Geochemistry and geochronology of ancient Southeast Indian and Southwest Pacific seafloor

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doi: 10.1029/95JB01424
Author(s): Pyle, D. G.; Christie, D. M.; Mahoney, J. J.; Duncan, R. A.
Author Affiliation(s): Primary:
Oregon State University, College of Oceanic and Atmospheric Sciences, Corvallis, OR, United States
Woods Hole Oceanographic Institution, United States
Volume Title: Journal of Geophysical Research
Source: Journal of Geophysical Research, 100(B11), p.22,261-22,282. Publisher: American Geophysical Union, Washington, DC, United States. ISSN: 0148-0227
Note: In English. 96 refs.; illus., incl. 5 tables, sketch maps
Summary: Within the Australian-Antarctic Discordance (AAD), a boundary exists between isotopically defined "Pacific-type" and "Indian-type" mid-ocean ridge basalt (MORB) erupted along the Southeast Indian Ridge (SEIR). This boundary has migrated westward beneath the easternmost AAD spreading segment at a minimum rate of 25 mm/yr since 4 Ma; however, its long-term history remains a matter of speculation. To determine if Pacific-type upper mantle has migrated westward beneath the eastern Indian Ocean basin as Australia and Antarctica drifted apart during the last 70 m.y., we present new Sr-Nd-Pb isotope data, combined with trace element and 40Ar-39Ar radiometric age determinations, for samples from Legs 28 and 29 of the Deep Sea Drilling Project (DSDP). Basaltic basement at these DSDP sites provides a record of their upper mantle source composition and shows regional variations consistent with upper mantle flow in this region. East of the South Tasman Rise, all DSDP basalts have 87Sr/86Sr (0.7025-0.7029) and 206Pb/204Pb (18.80-19.48) ratios typical of Pacific-type MORB indicating that Pacific-type upper mantle existed east of the Australian-Antarctic continental margin and beneath the Tasman Sea during the early stages of seafloor spreading in this region. Basalts from DSDP sites west of the AAD have high 87Sr/86Sr (0.7030-0.7035), low 206Pb/204Pb (17.99-18.10) and trace element characteristics typical of present day Indian-type SEIR MORB. Between these two regions, DSDP basalts recovered along the western margin of the South Tasman Rise have isotopic characteristics that are, in one case consistent with an Indian-type MORB source (Site 280A) and, in the second case, transitional between Pacific-type and Indian-type mantle sources. The occurrence of seafloor basalts with transitional or Indian-type isotopic characteristics well to the east of the present Indian-Pacific MORB isotopic boundary within the AAD strongly implies that Pacific-type upper mantle has migrated westward into the region since the South Tasman Rise separated from Antarctica circa 40 Ma. Copyright 1995 by the American Geophysical Union.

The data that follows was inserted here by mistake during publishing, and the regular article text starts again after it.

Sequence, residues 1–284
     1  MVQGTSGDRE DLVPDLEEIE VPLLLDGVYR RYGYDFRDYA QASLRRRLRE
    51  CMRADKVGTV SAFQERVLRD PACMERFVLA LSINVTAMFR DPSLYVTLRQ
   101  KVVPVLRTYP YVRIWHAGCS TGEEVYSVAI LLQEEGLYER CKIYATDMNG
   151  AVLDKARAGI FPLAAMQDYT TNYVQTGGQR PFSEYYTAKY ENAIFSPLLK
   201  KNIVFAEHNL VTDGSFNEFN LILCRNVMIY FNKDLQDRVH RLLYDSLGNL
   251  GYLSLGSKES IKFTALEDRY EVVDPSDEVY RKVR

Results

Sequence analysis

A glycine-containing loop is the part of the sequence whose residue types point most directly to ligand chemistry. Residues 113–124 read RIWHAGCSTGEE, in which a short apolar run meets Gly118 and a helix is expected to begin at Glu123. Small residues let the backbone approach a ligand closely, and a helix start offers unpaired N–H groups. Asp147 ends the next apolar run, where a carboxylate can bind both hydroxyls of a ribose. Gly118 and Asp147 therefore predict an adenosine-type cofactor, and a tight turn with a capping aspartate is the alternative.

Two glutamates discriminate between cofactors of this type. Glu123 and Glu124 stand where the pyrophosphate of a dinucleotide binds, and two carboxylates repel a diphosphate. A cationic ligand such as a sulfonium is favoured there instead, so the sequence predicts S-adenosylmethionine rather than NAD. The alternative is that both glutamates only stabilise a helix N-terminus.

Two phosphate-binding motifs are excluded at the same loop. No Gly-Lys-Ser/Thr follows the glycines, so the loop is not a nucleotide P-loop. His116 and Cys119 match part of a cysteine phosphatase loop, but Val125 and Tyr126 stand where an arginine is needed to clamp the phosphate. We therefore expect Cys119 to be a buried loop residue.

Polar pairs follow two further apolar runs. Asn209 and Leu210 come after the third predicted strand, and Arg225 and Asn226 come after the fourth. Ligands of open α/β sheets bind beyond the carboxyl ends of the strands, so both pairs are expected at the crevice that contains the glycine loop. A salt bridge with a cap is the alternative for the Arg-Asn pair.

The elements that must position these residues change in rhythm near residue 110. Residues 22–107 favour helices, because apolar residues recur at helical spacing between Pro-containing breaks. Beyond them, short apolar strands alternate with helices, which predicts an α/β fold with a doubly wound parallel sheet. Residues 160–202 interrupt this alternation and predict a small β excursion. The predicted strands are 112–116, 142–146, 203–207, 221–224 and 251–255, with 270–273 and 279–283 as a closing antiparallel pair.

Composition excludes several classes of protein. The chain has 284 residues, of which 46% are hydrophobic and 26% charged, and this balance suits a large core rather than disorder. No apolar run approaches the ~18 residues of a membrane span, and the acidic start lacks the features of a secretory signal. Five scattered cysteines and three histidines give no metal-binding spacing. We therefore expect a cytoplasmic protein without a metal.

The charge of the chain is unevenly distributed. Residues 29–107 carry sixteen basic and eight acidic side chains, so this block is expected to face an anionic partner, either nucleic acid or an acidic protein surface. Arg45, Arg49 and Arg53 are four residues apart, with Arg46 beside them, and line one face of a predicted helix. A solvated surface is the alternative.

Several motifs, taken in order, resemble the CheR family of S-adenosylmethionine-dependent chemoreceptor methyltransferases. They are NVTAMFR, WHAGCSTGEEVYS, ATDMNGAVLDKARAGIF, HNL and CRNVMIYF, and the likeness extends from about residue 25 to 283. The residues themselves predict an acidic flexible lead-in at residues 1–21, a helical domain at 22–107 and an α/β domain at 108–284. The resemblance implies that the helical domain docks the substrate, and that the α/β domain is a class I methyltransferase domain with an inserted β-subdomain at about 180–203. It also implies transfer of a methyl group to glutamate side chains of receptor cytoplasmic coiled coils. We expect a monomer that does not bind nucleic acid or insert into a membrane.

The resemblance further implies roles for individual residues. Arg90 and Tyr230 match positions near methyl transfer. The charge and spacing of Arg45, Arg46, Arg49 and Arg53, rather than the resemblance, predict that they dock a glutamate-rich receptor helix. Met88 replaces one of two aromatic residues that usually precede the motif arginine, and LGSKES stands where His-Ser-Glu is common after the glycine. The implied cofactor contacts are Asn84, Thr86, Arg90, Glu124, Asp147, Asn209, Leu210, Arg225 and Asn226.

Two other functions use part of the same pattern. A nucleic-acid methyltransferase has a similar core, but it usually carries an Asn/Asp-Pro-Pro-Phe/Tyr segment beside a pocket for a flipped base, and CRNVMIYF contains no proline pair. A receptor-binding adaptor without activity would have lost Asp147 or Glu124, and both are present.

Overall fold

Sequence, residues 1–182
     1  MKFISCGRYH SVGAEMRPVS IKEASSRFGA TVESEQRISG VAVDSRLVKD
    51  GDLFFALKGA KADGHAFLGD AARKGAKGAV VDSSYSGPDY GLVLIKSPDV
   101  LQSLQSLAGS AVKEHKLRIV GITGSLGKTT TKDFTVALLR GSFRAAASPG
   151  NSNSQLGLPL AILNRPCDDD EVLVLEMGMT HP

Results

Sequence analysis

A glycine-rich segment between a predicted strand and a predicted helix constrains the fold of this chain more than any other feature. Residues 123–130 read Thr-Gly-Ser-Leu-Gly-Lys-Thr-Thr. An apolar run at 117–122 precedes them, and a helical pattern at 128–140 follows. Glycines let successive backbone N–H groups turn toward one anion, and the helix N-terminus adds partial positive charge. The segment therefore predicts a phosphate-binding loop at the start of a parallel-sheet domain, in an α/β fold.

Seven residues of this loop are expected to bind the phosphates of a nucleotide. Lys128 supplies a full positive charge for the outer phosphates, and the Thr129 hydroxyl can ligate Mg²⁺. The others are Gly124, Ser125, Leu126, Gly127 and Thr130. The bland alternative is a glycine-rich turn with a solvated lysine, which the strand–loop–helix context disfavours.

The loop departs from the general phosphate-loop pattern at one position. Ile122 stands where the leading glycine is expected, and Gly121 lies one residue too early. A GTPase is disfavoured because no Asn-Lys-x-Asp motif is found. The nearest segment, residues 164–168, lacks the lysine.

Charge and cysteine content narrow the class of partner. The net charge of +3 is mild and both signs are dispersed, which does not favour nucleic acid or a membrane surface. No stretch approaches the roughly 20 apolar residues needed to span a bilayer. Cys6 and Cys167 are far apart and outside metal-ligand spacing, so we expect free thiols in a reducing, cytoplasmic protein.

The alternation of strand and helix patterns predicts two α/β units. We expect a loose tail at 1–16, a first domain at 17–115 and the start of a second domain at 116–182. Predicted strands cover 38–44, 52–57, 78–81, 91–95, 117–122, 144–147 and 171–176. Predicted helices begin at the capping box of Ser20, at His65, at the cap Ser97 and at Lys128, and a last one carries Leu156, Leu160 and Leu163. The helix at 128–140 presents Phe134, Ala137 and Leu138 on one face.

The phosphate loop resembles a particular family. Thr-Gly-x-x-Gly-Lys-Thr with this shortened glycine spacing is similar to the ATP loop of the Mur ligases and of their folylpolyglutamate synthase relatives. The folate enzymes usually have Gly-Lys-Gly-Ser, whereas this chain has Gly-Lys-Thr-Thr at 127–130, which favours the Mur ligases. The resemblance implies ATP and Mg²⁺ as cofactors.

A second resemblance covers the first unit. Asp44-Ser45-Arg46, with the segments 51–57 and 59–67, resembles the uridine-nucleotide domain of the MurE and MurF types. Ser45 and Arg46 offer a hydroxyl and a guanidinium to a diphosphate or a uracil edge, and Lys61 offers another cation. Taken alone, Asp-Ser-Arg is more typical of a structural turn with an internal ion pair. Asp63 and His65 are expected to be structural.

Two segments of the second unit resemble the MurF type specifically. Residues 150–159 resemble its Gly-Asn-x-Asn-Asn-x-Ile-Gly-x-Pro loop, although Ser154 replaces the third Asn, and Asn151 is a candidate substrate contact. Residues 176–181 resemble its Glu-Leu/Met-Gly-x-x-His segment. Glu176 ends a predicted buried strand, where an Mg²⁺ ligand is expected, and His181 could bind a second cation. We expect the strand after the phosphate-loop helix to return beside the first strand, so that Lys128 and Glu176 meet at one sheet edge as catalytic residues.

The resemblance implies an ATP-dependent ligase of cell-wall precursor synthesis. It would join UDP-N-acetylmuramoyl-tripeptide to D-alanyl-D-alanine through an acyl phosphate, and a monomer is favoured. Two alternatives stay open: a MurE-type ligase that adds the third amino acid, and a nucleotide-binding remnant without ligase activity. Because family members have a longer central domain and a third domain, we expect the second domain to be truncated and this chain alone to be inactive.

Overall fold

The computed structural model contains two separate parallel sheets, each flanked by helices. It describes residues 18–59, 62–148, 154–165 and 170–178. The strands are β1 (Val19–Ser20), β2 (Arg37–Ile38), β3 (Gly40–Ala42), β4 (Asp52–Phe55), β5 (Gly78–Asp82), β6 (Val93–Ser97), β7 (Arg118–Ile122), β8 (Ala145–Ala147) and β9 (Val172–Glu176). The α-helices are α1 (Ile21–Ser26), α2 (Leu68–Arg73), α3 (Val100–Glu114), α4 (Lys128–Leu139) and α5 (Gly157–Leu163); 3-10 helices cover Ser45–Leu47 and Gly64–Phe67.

Year of Publication: 1995
Research Program: DSDP Deep Sea Drilling Project
Key Words: 02 Geochemistry; 18 Geophysics, Solid-Earth; Alkaline earth metals; Basalts; Deep Sea Drilling Project; Geochemistry; Igneous rocks; Indian Ocean; Isotope ratios; Isotopes; Lead; Leg 28; Leg 29; Mantle; Metals; Mid-Indian Ridge; Mid-ocean ridge basalts; Pacific Ocean; Pb-206/Pb-204; Plate tectonics; Radioactive isotopes; Sea-floor spreading; South Pacific; Southeast Indian Ridge; Southwest Pacific; Sr-87/Sr-86; Stable isotopes; Strontium; Trace elements; Upper mantle; Volcanic rocks; West Pacific
Coordinates: S570000 S400000 E1770000 E1430000
Record ID: 2003040789
Copyright Information: GeoRef, Copyright 2019 American Geosciences Institute.